Webster's Dictionary, 1913
Dwarfish adjective Like a dwarf; below the common stature or size; very small; petty; as, a dwarfish animal, shrub. -- Dwarf"ish*ly , adverb -- Dwarf"ish*ness , noun
Dwarfling noun A diminutive dwarf.
Dwarfy adjective Much undersized. [ R.] Waterhouse.
Dwaul, Dwaule intransitive verb
[ See Dull
.] To be delirious.
[ Obsolete] Junius.
Dwell intransitive verb
[ imperfect & past participle Dwelled
, usually contracted into Dwelt
; present participle & verbal noun Dwelling
.] [ Middle English dwellen
, to err, linger, Anglo-Saxon dwellan
to deceive, hinder, delay, dwelian
to err; akin to Icelandic dvelja
to delay, tarry, Swedish dväljas
to dwell, Danish dvæle
to linger, and to English dull
. See Dull
, and confer Dwale
.] 1. To delay; to linger.
[ Obsolete] 2. To abide; to remain; to continue.
I 'll rather dwell in my necessity. Shak.
Thy soul was like a star and dwelt apart. Wordsworth. 3. To abide as a permanent resident, or for a time; to live in a place; to reside.
The parish in which I was born, dwell , and have possessions. Peacham.
The poor man dwells in a humble cottage near the hall where the lord of the domain resides. C. J. Smith. To dwell in
, to abide in (a place); hence, to depend on.
"My hopes in
heaven to dwell
-- To dwell on
, to continue long on or in; to remain absorbed with; to stick to; to make much of; as, to dwell upon a subject; a singer dwells on a note.
They stand at a distance, dwelling on his looks and language, fixed in amazement. Buckminster. Syn.
-- To inhabit; live; abide; sojourn; reside; continue; stay; rest.
Dwell transitive verb To inhabit. [ R.] Milton.
Dweller noun An inhabitant; a resident; as, a cave dweller . " Dwellers at Jerusalem." Acts i. 19.
Dwelling noun Habitation; place or house in which a person lives; abode; domicile.
Hazor shall be a dwelling for dragons. Jer. xlix. 33.
God will deign Milton.
To visit oft the dwellings of just men.
Philip's dwelling fronted on the street. Tennyson. Dwelling house
, a house intended to be occupied as a residence, in distinction from a store, office, or other building.
-- Dwelling place
, place of residence.
Dwelt imperfect & past participle of Dwell .
Dwindle intransitive verb
[ imperfect & past participle Dwindled
; present participle & verbal noun Dwindling
.] [ From Middle English dwinen
to languish, waste away, Anglo-Saxon dwīnan
; akin to LG. dwinen
, Dutch dwijnen
to vanish, Icelandic dvīna
to cease, dwindle, Swedish tvina
; of uncertain origin. The suffix -le
, preceded by d
excrescent after n
, is added to the root with a diminutive force.] To diminish; to become less; to shrink; to waste or consume away; to become degenerate; to fall away.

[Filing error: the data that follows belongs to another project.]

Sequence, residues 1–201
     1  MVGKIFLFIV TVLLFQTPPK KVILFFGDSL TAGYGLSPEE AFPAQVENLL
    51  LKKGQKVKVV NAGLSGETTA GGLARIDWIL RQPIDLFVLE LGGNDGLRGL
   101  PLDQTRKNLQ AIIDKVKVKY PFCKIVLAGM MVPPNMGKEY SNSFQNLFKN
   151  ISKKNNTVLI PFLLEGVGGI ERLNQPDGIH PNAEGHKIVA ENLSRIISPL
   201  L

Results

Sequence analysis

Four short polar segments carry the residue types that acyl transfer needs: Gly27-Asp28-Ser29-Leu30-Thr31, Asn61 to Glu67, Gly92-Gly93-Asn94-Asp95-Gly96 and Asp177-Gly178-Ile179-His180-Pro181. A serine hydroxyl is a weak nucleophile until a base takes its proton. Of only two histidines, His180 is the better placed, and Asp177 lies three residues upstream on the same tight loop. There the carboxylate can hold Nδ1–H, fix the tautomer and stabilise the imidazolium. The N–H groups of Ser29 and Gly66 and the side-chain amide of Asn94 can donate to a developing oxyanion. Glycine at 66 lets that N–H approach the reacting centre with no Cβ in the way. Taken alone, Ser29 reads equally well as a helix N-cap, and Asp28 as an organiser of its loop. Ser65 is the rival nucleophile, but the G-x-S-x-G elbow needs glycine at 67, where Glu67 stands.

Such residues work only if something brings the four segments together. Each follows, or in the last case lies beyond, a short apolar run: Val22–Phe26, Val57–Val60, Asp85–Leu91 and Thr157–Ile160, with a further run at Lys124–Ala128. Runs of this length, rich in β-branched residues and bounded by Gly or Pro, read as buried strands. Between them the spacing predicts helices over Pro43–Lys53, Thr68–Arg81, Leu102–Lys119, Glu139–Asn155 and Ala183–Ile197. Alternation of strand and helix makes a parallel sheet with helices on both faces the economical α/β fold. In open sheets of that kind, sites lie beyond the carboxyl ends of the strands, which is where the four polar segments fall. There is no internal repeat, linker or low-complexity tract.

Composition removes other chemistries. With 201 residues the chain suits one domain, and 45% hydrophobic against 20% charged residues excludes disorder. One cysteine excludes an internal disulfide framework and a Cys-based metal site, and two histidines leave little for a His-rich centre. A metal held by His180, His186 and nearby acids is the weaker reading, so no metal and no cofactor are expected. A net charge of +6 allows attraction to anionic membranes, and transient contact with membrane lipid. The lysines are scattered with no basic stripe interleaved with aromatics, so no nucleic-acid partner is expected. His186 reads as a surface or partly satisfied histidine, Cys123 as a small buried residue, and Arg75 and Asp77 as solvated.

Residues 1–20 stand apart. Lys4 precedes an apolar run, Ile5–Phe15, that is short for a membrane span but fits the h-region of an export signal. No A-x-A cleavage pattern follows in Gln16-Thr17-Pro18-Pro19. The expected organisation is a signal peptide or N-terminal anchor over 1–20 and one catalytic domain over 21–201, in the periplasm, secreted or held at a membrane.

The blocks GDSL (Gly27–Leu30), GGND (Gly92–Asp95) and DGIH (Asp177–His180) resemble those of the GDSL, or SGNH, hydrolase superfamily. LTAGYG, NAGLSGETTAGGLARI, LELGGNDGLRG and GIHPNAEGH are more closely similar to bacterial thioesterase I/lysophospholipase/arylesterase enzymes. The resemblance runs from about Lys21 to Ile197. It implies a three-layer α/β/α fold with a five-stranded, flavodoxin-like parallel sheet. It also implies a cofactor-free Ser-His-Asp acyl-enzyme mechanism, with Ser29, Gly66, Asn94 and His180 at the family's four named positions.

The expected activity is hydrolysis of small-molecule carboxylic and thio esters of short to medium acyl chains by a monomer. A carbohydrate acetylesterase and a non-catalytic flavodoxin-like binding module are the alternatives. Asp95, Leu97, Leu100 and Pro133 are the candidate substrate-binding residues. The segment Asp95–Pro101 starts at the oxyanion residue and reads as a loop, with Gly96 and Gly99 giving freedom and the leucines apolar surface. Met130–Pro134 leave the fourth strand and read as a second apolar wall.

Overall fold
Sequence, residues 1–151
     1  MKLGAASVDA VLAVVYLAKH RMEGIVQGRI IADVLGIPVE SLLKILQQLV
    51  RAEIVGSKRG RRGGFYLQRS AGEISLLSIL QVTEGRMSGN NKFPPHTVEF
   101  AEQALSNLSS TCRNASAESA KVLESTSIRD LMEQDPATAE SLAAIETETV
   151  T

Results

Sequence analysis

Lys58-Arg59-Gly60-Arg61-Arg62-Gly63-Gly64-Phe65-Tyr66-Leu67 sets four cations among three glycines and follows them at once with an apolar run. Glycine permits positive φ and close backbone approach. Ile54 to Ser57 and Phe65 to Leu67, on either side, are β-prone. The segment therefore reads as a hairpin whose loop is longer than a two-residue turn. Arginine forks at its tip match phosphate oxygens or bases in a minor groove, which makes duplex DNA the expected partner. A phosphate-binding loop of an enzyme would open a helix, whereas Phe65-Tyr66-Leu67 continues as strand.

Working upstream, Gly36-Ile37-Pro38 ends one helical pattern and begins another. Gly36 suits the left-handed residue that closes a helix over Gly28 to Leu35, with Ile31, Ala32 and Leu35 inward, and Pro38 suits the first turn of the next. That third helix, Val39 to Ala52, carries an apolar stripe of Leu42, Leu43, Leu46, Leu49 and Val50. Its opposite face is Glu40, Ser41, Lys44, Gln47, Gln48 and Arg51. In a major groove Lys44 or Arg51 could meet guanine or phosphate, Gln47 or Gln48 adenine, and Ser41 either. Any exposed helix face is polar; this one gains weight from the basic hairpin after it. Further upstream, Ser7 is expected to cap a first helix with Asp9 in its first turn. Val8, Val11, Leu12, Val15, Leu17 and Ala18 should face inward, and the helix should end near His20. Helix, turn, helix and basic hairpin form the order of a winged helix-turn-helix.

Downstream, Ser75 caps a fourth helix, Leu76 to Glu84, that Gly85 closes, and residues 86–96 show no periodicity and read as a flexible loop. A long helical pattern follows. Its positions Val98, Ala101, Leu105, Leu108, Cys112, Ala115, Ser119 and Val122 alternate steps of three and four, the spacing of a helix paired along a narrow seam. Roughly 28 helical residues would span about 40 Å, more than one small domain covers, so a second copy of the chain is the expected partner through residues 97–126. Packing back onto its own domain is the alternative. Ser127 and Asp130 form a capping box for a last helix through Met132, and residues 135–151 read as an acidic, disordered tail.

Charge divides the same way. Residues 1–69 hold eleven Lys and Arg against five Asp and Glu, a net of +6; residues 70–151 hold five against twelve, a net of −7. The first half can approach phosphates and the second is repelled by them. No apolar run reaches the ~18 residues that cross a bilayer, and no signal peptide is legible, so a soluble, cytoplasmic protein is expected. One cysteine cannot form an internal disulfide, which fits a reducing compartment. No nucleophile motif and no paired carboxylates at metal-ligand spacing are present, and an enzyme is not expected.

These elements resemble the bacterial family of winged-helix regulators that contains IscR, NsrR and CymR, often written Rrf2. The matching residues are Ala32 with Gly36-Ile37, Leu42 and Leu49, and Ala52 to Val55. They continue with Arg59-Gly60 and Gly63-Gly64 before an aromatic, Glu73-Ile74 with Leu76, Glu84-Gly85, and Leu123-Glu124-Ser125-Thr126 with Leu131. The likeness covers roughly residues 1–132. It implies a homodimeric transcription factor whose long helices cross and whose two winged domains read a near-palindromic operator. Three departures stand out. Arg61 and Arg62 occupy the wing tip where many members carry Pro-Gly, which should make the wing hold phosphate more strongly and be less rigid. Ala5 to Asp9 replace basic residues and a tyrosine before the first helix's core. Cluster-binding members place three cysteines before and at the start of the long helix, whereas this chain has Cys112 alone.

Weary sennights nine times nine Shak.
Shall he dwindle , peak and pine.
Religious societies, though begun with excellent intentions, Swift.
are said to have dwindled into factious clubs.
Dwindle transitive verb 1. To make less; to bring low.
Our drooping days are dwindled down to naught. Thomson. 2. To break; to disperse.
[ R.] Clarendon.
Dwindle noun The process of dwindling; dwindlement; decline; degeneracy. [ R.] Johnson.
Dwindlement noun The act or process of dwindling; a dwindling. [ R.] Mrs. Oliphant.
Dwine intransitive verb
[ See Dwindle
.] To waste away; to pine; to languish.
[ Obsolete or Prov. Eng.] Gower.
[ Latin dyas
, the number two. Greek ...: confer French dyade
. See two, and confer Duad
.] 1. Two units treated as one; a couple; a pair. 2. (Chemistry) An element, atom, or radical having a valence or combining power of two.
Dyad adjective (Chemistry) Having a valence or combining power of two; capable of being substituted for, combined with, or replaced by, two atoms of hydrogen; as, oxygen and calcium are dyad elements. See Valence .
Dyadic adjective [ Greek ..., from ... two.] Pertaining to the number two; of two parts or elements. Dyadic arithmetic , the same as binary arithmetic .
Dyaks noun plural ; sing. Dyak . (Ethnol.) The aboriginal and most numerous inhabitants of Borneo. They are partially civilized, but retain many barbarous practices.
Dyas noun [ Latin dyas the number two.] (Geol.) A name applied in Germany to the Permian formation, there consisting of two principal groups.
Dye transitive verb
[ imperfect & past participle Dyed
; present participle & verbal noun Dyeing
.] [ Middle English deyan
, Anglo-Saxon deágian
.] To stain; to color; to give a new and permanent color to, as by the application of dyestuffs.
Cloth to be dyed of divers colors. Trench.
The soul is dyed by its thoughts. Lubbock. To dye in the grain
, To dye in the wool
(Fig.), to dye firmly; to imbue thoroughly.
He might truly be termed a legitimate son of the revenue system dyed in the wool . Hawthorne. Syn.